Revisiting Risk-stratified Whiplash-exposed Patients 12 to 14 Years After Injury
Martin K Rasmussen 1 2, Alice Kongsted 3 4, Tina Carstensen 5 6, Troels S Jensen 1 6, Helge Kasch 6 7
1 Danish Pain Research Centre Aarhus University Hospital.
2 Center for Translational Neuromedicine, Copenhagen University, Copenhagen, Denmark.
3 Department of Sports Science and Clinical Biomechanics, University of Southern Denmark.
Objective: The objective of this study was to evaluate the long-term predictive value of the Danish Whiplash Group Risk Assessment Score (DWGRAS) with 7 risk strata.
Design: E-questionnaire-based follow-up study (n=927) combining 2 cohorts of whiplash-injured patients, 1 observational (n=187) and 1 interventional randomized controlled trial (n=740).
Methods: Nine hundred twenty-seven previously healthy persons exposed to acute whiplash injury during motor vehicle collision were sent letter by postal service asking the addressee if they would respond to an E-questionnaire. Outcome measures were: whiplash-related disability, pain, use of medication/nonmedical treatment, work capacity.
Results: The response rate was 37%. Fifty-five percent reported whiplash-related disability. Fourteen percent reported daily symptoms. A strong relationship was found between risk strata and impact of event and between risk strata and disabling symptoms.
There are more articles like this @ our:
Conclusions: Internal and long-term validation of DWGRAS was performed, but a low response rate indicates that results should be interpreted with caution. Furthermore, external validation needs to be done in long-term studies. An receiver operating characteristics curve of 0.73 (95% confidence interval 0.67; 0.79) predicting daily or weekly whiplash-related disability after 12 to 14 years was found using the DWGRAS risk score.
Key Words: prospective study, whiplash injuries, headache, neck pain, work disability
The FULL TEXT Article:
It is estimated that ~50% of persons sustaining a whiplash injury will continue to report persistent symptoms and present with persistent signs. [1, 2] There is a need for better identification of the factors predicting the outcome to plan future interventional studies and to improve the treatment after whiplash injury. So far, grading systems used in whiplash injuries have not been successful. [3-5] One reason may be the complexity of an apparently mild neck injury and the multifaceted appearance of the so-called whiplash syndrome [6, 7] with a range of biological, psychological, and social factors involved. In whiplash injuries, there is a lack of information about the combined effect of biological, psychological, and social factors for long-term prognosis.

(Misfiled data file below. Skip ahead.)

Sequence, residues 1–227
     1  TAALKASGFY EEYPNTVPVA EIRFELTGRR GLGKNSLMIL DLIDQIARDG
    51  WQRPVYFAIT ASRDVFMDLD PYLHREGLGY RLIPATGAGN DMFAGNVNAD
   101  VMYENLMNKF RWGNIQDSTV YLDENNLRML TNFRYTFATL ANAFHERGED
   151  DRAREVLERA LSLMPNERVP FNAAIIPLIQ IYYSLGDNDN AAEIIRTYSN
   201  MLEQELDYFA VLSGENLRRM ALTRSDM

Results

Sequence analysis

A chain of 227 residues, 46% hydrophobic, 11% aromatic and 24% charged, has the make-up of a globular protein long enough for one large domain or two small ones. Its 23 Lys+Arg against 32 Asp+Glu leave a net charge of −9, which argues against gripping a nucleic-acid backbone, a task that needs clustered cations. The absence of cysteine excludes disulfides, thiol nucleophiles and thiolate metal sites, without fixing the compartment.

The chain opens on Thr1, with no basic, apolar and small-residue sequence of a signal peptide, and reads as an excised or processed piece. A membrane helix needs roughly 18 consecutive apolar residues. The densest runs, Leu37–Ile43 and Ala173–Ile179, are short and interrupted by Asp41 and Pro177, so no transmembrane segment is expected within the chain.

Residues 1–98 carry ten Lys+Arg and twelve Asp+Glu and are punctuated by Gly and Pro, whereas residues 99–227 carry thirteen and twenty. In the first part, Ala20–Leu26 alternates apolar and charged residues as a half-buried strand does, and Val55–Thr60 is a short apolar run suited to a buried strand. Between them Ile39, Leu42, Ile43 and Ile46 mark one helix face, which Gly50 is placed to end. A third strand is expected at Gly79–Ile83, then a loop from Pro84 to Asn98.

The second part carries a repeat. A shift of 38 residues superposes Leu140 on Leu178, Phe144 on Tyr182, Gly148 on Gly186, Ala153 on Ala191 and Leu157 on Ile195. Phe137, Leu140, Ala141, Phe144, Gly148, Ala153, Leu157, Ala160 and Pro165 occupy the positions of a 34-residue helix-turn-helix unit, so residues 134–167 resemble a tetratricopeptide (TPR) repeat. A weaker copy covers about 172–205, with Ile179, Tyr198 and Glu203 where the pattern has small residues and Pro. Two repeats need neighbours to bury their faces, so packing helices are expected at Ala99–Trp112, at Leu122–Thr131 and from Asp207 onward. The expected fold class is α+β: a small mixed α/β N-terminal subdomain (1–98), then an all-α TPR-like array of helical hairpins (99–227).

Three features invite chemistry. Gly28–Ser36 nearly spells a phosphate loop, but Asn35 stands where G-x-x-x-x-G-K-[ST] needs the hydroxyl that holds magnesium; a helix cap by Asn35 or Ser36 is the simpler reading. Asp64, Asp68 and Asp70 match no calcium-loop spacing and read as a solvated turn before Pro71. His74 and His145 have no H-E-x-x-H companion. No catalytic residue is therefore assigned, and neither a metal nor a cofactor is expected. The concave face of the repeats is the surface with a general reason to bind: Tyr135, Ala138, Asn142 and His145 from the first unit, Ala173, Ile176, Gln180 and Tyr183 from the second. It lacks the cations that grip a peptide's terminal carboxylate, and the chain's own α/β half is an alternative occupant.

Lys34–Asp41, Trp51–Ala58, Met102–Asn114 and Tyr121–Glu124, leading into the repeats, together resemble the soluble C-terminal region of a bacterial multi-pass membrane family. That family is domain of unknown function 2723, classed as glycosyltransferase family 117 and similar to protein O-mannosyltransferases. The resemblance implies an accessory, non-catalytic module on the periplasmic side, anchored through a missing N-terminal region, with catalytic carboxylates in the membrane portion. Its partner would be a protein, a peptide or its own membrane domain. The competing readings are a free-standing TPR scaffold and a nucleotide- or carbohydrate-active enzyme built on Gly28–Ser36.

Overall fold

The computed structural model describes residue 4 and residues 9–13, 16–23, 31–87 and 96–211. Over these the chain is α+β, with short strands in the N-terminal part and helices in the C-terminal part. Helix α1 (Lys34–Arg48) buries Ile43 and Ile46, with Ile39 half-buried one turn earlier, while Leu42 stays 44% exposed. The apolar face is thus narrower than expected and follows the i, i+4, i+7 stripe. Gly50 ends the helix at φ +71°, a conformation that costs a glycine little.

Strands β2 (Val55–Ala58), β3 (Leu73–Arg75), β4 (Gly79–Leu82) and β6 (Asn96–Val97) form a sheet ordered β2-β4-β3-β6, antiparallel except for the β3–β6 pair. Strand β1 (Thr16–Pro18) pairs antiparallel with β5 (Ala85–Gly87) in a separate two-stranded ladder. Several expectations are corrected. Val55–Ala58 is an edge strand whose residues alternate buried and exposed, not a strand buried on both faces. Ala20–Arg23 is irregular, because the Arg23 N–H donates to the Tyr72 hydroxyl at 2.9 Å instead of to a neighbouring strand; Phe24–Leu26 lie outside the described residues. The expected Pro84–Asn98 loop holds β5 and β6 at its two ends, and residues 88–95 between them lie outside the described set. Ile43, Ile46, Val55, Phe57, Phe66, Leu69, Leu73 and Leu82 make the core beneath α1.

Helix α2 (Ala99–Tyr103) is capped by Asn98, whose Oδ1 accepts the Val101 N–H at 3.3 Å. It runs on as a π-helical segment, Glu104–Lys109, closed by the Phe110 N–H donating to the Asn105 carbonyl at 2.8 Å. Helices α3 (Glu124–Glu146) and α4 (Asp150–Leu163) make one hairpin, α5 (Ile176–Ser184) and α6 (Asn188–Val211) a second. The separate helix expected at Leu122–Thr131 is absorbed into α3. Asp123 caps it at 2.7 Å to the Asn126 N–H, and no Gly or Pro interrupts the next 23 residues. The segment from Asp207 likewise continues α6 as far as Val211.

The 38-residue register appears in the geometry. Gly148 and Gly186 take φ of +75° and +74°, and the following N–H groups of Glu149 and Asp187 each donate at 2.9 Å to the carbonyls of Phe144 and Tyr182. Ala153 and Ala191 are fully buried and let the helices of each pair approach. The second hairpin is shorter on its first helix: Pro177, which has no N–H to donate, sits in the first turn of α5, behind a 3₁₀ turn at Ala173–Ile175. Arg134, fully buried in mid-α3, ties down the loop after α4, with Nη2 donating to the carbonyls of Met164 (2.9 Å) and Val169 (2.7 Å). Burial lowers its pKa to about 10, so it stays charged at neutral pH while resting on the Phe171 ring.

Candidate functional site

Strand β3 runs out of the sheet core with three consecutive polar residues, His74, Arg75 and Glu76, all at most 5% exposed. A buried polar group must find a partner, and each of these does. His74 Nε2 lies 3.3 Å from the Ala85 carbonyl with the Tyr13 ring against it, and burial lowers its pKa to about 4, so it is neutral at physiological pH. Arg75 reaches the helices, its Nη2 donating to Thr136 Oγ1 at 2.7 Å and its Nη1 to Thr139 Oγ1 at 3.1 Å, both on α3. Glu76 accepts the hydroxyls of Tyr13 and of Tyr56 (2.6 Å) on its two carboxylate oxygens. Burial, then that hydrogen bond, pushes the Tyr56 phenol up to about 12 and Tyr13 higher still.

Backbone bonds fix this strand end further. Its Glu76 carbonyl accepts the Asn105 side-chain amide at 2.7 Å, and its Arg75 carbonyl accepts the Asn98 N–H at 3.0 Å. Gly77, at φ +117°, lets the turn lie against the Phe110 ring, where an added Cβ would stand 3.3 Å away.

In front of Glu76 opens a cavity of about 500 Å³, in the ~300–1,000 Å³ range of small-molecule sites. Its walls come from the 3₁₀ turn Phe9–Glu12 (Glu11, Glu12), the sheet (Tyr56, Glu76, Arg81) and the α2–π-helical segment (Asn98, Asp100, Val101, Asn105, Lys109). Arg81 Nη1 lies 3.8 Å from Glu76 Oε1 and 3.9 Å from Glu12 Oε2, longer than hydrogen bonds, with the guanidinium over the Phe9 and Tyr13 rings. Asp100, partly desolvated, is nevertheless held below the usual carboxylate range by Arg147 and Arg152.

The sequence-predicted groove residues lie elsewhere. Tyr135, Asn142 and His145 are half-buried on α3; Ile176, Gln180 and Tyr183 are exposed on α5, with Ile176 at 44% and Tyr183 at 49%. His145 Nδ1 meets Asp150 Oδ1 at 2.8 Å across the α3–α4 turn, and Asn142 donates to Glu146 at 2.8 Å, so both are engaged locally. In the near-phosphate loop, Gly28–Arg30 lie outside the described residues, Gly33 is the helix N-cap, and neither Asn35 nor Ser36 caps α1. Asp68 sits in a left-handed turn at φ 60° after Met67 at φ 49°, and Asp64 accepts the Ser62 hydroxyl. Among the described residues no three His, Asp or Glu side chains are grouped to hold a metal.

We have previously developed and validated [8, 9] a risk assessment score: The Danish Whiplash Group Risk Assessment Score (DWGRAS) and the 7 derived Risk Strata have shown a capability of predicting a 1-year pain disability and work disability. DWGRAS was reported to reflect biological factors, including a 1-year development in neck strength and endurance  using a control group sustaining an acute ankle injury, and to reflect changes in pain response. Neck disability, using the Copenhagen Disability Functioning Scale,  was correlated to the DWGRAS Score.
DWGRAS has been used to reflect differences in social performance including factors related to work, for example, predicting a 1-year work disability  and also the changes in daily life functioning.  From a psychological point of view, factors like impact of event, intrusion and avoidance related to cognitive psychological impact of the exposure to whiplash injury, are significantly different after 1 year in risk strata derived from the DWGRAS score. 
The Quebec Task Force Grading system is considered the gold standard for describing whiplash patients and was introduced by the Quebec Task Force in 1995,  but has not been helpful in predicting long-term pain and disability after whiplash injuries.  One reason could be an underlying biologically oriented explanation of the traumatic event.
Recently, Sterling and colleagues have developed a clinical prediction rule, which included: initial neck disability index, initial neck pain (visual analogue scale), cold pain threshold, range of neck movement, age, sex, presence of headache, and posttraumatic stress symptoms. Hyperarousal and hypervigilance have been of particular interest. [13, 14] This prediction rule is similar to the DWGRAS score. Long-term observations have not been reported, but external validation studies have been published.  A +15-year follow-up on whiplash injury was published by Squires and colleagues. [15, 16] The initial group was heterogeneous, not followed up from early after injury, and more severely affected in comparison to other cohorts. A Norwegian study [17, 18] reported nonpainful symptoms, depression, and anxiety in the HUNT 1 and II studies in persons, who in questionnaires claimed to be experiencing whiplash injury. However, otherwise injuries were not documented early after injury. A recent cross-sectional survey of 12,000 persons of either between 40 and 42 years of age or between 60 and 62 years of age (The 6th Tromsø Study) found chronic pain in almost one-third of the participants. Four percent related their chronic pain to whiplash injury. But, in general there is a lack of knowledge regarding the roles of biological, psychological, and social risk factors for the long-term prognosis after a whiplash injury.  Grading systems that are easy to use are needed early after whiplash injury. The grading system should possess a long-term predictive value and high internal and external validity.
The aim of this study was to examine the long-term capacity of the DWGRAS risk score for predicting whiplash-related disability, and painful and nonpainful symptoms and the use of medication and nonmedical treatment based on initial risk stratification.